Amid the 'Partygate' uproar, new doubts about Boris Johnson's truthfulness surfaced on Wednesday - albeit in a different case.

Two emails leaked to the Foreign Affairs Committee in the House of Commons suggest that the Prime Minister - contrary to previous claims - personally campaigned for an acquaintance of his wife, animal rights activist Paul Farthing.

The former soldier had managed to get on one of the last planes to the UK with 150 dogs from his Kabul shelter at the height of evacuations from Afghanistan.

Jochen Buchsteiner

Political correspondent in London.

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The episode caused widespread outrage in the summer. Defense Secretary Ben Wallace said shortly before the dogs were evacuated that "animals would not be put above people". Johnson later asserted several times that he had not personally intervened in the matter. The email that has now surfaced, written by an employee of Johnson confidante Zac Goldsmith, speaks of a "Prime Minister's decision" to help the animal charity. A government spokesman said on Wednesday: "It remains the case that the Prime Minister has given no instructions to act in any particular way."

Movement was also recorded on Wednesday in the so-called party affair. Despite initial hesitation, there were growing indications in the Prime Minister's Office that the eagerly awaited investigative report on "Partygate" would be published later that day. Scotland Yard announced on Tuesday that it would launch its own investigation and investigate possible violations of Covid 19 rules. The police had previously received the apparently largely completed Gray report.

Newspapers reported that Gray had gathered new, potentially incriminating information, including text messages and a photograph said to show Johnson at a wine-loving gathering at Downing Street.

Politicians from the opposition, but also MPs from the ruling party, will pay particular attention when reading it to see whether it contains evidence that the House of Commons has been misled.

This would significantly increase the pressure on the head of government, because the rules of conduct for ministers qualify deliberately misinforming parliament as a reason for resignation.

Meanwhile, negotiations are apparently taking place behind the scenes as to how the police should conduct their "Partygate" investigations in Downing Street. So far it is unclear whether Johnson will be questioned personally - and if so, whether as a witness or suspect. In the second case, he could be advised to testify in the presence of a lawyer. In the recent history of British democracy, only Tony Blair has found himself in a similar position. By the end of his tenure, police had been investigating whether the Labor Party had received any hidden benefits in exchange for House of Lords nominations. Blair successfully pleaded at the time to be questioned only as a witness. An interrogation as a suspect would lead to his resignation, it was argued in Downing Street at the time.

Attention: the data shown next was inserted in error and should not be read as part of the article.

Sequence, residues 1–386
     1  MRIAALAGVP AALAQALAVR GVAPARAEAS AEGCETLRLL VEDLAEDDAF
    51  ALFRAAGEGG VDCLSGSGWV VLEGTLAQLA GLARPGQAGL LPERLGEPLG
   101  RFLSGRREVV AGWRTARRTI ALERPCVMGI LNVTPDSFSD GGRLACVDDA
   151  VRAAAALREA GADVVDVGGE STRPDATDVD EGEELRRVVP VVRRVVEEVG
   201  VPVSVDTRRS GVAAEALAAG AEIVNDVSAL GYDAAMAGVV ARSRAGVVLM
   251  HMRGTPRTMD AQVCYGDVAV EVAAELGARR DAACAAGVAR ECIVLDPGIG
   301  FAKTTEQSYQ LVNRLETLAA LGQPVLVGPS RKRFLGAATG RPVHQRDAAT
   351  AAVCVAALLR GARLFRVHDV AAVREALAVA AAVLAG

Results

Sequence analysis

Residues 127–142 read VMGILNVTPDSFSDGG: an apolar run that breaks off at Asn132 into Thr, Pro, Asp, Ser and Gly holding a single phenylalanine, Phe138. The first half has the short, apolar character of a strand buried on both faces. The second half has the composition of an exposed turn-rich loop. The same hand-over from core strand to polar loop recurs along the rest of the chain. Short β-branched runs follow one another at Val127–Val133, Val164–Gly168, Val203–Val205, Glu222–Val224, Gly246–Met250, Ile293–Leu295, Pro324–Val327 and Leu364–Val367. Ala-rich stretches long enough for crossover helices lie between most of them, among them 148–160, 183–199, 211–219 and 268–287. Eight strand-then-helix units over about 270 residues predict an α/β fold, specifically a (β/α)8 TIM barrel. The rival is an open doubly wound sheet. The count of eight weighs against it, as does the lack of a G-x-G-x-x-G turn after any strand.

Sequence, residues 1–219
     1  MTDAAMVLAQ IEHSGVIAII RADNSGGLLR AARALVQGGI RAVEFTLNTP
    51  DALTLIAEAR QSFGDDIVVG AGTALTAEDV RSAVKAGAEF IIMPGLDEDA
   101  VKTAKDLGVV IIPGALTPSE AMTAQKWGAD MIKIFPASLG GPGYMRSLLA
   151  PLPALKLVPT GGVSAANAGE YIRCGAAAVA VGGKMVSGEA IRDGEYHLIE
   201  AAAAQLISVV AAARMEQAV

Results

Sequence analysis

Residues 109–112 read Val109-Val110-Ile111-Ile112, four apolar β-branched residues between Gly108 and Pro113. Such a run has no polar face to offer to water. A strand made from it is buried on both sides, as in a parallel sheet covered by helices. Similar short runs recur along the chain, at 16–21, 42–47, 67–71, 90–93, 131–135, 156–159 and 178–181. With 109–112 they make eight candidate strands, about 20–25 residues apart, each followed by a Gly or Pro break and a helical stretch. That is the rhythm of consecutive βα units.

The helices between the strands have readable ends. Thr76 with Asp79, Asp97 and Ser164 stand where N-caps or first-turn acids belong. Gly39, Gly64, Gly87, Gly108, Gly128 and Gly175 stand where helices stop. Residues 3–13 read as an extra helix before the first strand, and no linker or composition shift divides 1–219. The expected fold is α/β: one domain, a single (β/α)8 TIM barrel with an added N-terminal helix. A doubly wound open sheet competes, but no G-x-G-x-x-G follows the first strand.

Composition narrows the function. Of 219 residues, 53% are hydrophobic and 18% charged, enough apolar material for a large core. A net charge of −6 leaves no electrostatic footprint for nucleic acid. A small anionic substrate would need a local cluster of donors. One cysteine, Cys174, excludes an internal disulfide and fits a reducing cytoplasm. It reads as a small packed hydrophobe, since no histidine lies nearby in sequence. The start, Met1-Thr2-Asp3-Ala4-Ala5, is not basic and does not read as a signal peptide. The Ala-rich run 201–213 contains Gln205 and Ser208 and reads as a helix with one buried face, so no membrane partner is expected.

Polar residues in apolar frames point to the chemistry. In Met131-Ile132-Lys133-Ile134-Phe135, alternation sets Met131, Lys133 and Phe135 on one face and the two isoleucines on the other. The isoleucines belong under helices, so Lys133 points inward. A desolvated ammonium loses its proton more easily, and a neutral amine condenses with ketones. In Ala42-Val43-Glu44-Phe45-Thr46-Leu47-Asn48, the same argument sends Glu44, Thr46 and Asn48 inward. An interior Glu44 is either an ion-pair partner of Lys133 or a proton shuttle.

Many Tories have pegged support for a no-confidence vote against Johnson on the results of the Gray report. 54 deputies would suffice. In the vote that will probably follow quickly, at least 180 MPs – half of the parliamentary group – would have to vote against Johnson. No such majority emerged when Johnson appeared in the House of Commons on Wednesday. In a lively debate marked by sharp questions from the opposition leader and belligerent replies from the Prime Minister, Johnson received vocal support from his group.

 Several conservative politicians spoke out in favor of Johnson in interviews.

It was noticeable that many pointed out the gap between the party allegations and the prime minister's political achievements.

Johnson is doing a "fantastic job," said Secretary of State Liz Truss, referring to the achievement of Brexit, the vaccination campaign and economic growth.

Johnson himself spoke about the Ukrainian border crisis during the House of Commons debate.

His government is currently trying to "bring the West together" in order to achieve the toughest possible sanctions package against Russia.

He accused opposition leader Keir Starmer of clinging to party allegations while he was trying to "get on with the job".

Johnson ended the rhetoric by saying Starmer was "an advocate, not a leader."

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